Japan's emperor undergoes heart surgery
Tokyo - Japan's Emperor Akihito went into surgery for a heart bypass operation on Saturday as hundreds of people wished the 78-year-old monarch well in his latest health battle.
The emperor went into the operating theatre at the University of Tokyo Hospital 00:24, said a spokesperson at the imperial household agency.
The operation, being carried out by surgeons from the hospital and the private Juntendo University, was expected to take around five hours.
The emperor was advised to undergo the procedure after tests showed a narrowing of two of his coronary arteries.
The aim of the surgery was "to maintain and to improve his majesty's daily life", another palace spokesman said earlier.
The emperor is likely to be discharged after about two weeks if he recovers well from the operation, Jiji Press reported.
His wife Empress Michiko and daughter Sayako Kuroda, a former princess who left the royal household to marry a commoner, saw him off at the entrance of the operating room, national broadcaster NHK said.
His doctors will hold a press conference in the evening.
During his operation and recuperation, Akihito's first son Crown Prince Naruhito has taken over official duties such as attending public ceremonies and meeting state guests.
The monarch arrived at the hospital on Friday morning accompanied by Michiko, who also stayed there overnight with him, while thousands of members of the public visited the Imperial Palace to sign books wishing him well.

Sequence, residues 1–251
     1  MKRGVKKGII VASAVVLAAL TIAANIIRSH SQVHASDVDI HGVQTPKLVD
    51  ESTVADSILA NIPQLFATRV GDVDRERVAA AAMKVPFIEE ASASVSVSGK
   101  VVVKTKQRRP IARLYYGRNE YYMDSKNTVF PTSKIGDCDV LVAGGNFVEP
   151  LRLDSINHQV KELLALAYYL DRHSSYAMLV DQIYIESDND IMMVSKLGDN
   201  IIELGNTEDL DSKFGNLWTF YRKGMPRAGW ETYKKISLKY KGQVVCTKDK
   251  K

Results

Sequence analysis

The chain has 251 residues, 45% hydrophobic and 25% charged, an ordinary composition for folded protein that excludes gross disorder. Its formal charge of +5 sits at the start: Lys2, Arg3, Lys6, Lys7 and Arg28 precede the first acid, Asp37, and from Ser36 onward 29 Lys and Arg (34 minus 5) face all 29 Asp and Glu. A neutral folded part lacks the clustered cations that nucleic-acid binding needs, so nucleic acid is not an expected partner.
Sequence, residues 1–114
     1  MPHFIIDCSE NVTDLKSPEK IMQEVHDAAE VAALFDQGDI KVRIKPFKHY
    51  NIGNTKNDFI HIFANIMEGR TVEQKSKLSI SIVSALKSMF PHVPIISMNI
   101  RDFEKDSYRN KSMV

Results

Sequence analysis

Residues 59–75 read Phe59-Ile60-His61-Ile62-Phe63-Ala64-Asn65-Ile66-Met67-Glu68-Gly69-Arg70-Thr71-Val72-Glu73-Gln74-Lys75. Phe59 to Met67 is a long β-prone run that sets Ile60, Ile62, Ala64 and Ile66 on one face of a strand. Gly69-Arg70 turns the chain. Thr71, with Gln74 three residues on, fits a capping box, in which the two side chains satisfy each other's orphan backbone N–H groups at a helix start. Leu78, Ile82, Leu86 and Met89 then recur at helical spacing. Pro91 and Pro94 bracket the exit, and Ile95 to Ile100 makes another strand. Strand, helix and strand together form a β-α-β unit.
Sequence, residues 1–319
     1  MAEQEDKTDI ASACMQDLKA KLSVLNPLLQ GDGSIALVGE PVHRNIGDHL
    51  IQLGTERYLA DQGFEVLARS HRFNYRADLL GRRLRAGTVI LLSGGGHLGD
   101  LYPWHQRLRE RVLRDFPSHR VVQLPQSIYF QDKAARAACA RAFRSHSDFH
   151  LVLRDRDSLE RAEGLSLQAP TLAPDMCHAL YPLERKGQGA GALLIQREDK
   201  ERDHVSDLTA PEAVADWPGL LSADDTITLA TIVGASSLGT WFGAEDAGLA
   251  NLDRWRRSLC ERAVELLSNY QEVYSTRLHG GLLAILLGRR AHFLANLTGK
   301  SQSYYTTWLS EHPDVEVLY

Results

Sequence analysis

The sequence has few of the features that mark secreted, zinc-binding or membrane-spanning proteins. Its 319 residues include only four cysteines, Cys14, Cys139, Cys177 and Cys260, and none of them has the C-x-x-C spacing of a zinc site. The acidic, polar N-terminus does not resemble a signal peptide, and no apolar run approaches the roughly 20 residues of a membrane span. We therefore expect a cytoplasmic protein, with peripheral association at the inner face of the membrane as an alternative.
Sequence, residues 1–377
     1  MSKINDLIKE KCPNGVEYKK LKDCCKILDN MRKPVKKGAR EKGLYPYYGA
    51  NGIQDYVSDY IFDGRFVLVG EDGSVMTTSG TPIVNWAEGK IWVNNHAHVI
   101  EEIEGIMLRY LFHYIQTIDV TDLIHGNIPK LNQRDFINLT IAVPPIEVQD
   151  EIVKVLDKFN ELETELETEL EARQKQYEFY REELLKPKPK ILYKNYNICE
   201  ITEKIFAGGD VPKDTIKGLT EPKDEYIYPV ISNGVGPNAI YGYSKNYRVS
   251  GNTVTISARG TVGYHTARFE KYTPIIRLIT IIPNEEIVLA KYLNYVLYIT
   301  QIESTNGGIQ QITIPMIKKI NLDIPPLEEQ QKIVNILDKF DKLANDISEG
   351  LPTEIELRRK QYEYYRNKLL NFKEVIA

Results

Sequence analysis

Local press reports have stressed the surgery is a routine procedure that thousands of Japanese undergo every year.
But the surgery comes amid increasing concerns about Akihito's health.
A catheter angiogram taken a week ago showed that his arteries had continued to narrow since an examination a year ago, the palace said in a statement.
Doctors advised that action was necessary to stop the trend, it said.
In November, Akihito, who acceded to the throne in 1989 following the death of his father Hirohito, spent 19 days in hospital with mild pneumonia while he underwent surgery for prostate cancer in 2003.
His youngest son Prince Akishino has suggested there should be a discussion about setting a retirement age for the head of state.
Despite being stripped of much of its mystique and its quasi-divine status in the aftermath of World War II, the Japanese throne is held in deep respect by much of the public.